In the near future of 1995 Australia is scrambling after an economic collapse. Roaming gangs steal car parts to sell in the black market. Old Drive-in theaters are turned into concentration camps unbeknownst to the public. Our main characters Crabs (Ned Manning) and his girlfriend Carmen (Natalie McCurry) go to a movie at the Star Drive-In and get stuck in the violence between the punk rock prisoners, immigrants, and the police.
It changes after the wheels are stolen off of Crabs’s car. Carmen is unfazed, but Crabs goes to the front desk to find the gates locked and the fences electrified. When Carmen finds there is no way out she accepts the drive-in as her new home and immediately adapts to living there. Crabs doesn’t. He feels trapped.
He tries to escape several times, but fails. During one of his attempts he learns that the Police are the one’s who are stealing car parts to make a little money on the side and make sure no one can piece a whole car together.
They are also the one’s busing in immigrants each morning. The Australians that have been at the Drive-In a while are very upset about this and yell racial slurs and start trouble.
This is the most interesting part of Dead End Drive-In (1986). It’s both a glimpse into and a critique of the sociopolitical and economic climate of Australia in 1986. So, a little history is needed.
Australia began the 1980s in a recession with inflation rising at a worrying rate. The government’s solution was to deregulate the banks, but this did little to quell it and the recession lasted into the 1990s. This wasn’t helped by one of Australia’s worst droughts in 1982 and worst brush-fire the following year.
There were also several high profile bombings in the early half of the decade, One that destroyed Judge Richard Gee’s home in 1984 and another at Police Headquarters in Melbourne in early 1986.
Lastly, immigrants from Vietnam, Cambodia, China, and other eastern countries were continuing to seek refuge in Australia because of three decades of skirmishes between the U.S. and the U.S.S.R.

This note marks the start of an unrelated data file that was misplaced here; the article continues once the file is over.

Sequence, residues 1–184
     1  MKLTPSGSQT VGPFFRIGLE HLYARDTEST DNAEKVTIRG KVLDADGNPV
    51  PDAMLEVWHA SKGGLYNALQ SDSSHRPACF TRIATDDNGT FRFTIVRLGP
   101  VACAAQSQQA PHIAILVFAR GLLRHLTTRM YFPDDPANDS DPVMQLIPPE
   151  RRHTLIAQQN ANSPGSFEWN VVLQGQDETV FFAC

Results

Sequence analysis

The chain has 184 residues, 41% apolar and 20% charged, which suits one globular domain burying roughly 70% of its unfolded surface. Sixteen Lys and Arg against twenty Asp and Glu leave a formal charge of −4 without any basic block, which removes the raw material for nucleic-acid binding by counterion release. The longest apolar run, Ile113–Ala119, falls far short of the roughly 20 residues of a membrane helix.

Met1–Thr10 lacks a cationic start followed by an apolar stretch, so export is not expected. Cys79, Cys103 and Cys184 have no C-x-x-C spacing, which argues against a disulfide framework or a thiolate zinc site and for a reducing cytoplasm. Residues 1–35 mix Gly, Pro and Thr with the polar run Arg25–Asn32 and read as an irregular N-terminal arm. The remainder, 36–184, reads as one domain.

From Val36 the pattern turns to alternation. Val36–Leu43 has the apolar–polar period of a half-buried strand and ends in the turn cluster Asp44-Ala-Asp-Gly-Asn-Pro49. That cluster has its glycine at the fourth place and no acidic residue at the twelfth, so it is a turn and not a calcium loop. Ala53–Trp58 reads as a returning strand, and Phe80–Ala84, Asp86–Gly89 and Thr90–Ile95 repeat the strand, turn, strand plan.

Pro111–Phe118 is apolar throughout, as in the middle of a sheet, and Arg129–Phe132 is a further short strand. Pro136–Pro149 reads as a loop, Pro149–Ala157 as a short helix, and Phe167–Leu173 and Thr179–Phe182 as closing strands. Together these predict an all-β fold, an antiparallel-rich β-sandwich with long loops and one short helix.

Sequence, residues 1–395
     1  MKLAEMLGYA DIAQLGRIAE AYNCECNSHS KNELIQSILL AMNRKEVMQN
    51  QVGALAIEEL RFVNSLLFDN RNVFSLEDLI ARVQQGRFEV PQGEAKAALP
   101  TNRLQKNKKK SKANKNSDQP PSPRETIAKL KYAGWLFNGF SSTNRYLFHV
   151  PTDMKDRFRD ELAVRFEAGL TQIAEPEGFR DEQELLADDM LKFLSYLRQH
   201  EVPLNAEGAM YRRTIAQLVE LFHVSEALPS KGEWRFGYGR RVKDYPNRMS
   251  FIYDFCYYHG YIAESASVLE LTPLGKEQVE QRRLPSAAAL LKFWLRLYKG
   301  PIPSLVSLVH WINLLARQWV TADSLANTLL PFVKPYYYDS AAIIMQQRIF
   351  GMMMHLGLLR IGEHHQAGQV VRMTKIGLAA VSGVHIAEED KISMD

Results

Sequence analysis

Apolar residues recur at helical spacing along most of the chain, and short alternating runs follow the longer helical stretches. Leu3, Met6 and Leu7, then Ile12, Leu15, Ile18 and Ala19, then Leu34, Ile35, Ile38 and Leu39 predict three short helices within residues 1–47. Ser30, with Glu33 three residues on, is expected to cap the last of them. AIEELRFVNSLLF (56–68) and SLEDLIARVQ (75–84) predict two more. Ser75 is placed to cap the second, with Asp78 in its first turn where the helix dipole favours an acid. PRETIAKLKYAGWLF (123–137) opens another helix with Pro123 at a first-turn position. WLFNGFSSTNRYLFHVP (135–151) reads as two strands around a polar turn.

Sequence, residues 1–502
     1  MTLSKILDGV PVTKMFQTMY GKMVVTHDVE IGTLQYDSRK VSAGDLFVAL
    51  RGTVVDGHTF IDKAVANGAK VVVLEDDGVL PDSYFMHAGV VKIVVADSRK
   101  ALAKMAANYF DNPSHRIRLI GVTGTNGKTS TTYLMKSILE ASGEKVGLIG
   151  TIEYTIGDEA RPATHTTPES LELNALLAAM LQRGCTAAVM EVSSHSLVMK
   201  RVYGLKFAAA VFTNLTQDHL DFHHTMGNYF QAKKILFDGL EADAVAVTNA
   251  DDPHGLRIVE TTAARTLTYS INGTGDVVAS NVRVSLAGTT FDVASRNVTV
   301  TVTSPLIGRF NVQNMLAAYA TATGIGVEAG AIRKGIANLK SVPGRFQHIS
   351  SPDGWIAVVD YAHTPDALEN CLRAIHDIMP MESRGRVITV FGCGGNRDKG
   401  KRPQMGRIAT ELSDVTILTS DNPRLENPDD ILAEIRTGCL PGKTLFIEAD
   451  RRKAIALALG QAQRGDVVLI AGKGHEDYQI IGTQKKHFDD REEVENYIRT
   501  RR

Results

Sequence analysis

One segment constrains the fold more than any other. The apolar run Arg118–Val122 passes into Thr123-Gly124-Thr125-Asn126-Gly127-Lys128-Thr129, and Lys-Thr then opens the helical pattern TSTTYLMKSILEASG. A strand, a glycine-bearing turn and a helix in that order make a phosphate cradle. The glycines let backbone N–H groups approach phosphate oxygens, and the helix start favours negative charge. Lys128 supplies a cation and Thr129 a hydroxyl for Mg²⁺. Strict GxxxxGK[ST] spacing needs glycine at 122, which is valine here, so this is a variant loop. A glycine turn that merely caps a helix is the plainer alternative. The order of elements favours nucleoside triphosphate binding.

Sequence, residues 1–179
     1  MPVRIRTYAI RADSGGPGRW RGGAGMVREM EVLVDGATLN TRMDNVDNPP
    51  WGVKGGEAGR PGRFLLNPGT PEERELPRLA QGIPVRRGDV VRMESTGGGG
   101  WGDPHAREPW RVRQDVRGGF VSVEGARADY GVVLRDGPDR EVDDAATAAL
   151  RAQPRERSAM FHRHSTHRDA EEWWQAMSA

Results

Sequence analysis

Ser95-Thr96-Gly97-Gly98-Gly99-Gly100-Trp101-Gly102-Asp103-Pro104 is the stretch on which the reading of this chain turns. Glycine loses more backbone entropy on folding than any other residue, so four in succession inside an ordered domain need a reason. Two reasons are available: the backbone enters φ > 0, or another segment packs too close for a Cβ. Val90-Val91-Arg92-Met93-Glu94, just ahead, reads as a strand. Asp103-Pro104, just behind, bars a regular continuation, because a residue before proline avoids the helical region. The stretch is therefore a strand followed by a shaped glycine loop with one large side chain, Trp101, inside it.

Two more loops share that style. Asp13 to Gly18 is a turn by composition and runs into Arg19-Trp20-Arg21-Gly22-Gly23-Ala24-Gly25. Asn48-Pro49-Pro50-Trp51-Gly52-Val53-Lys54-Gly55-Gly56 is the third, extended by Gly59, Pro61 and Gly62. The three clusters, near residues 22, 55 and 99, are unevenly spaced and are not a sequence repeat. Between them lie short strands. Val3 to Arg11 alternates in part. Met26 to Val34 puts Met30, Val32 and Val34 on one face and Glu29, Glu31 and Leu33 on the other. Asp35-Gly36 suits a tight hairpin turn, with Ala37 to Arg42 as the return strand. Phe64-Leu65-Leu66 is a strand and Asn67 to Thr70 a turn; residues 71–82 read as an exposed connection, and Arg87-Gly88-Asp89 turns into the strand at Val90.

So, their overall energy in the mid ’80s was one of fear and mistrust.
The Film touches on many of the fears Australians had at the time.
The economy in the movie world is a grim conclusion (though exaggerated) of what the mismanagement by the government in the 1980s could lead to in the ’90s.
The drive-in is a microcosm of Australia. The actual fences that trap people in the film represent the feelings of claustrophobia and hopelessness that consume countries in times of economic hardship and rising crime.
The fact that the police keep peace with their weapons rather than through community building only adds to these feelings.
Tension builds not only because of claustrophobia, but also an us-verses-them mentality that Crabs and Carmen see when they first arrive. Carmen quickly assimilates, saying to Crabs it’s easier this was, “the drive-in is all we got now.” She is then allowed into the inner circle of “true Australians” who hold white supremacy meetings in the old concession stand. And all the while Crabs is still trying to escape.
The “true Australians” don’t like the immigrants. And like many real world countries when there is an influx of people escaping turmoil happening concurrently with an economic crisis and rising crime, it’s easy to find a scapegoat.
And how does this movie tie this all together?
At the last moment Crabs steals a police van and floors it toward a perfectly placed tow-truck with it’s bed lowered at a convenient angle. He drives the truck up the ramp and through the Star Drive-In sign. He lands perfectly. An upbeat ’80s synth-pop song (Playing with Fire) plays and the credits role.
But why is the movie still good?
It serves a more fundamental purpose, more important than world building or plot. In context of the time it was made, it keeps the one promise it needs to. It feeds an emotional need. Few can escape the fear and confinement of uncertain times, but Crabs did. He got free. And in that moment we do too.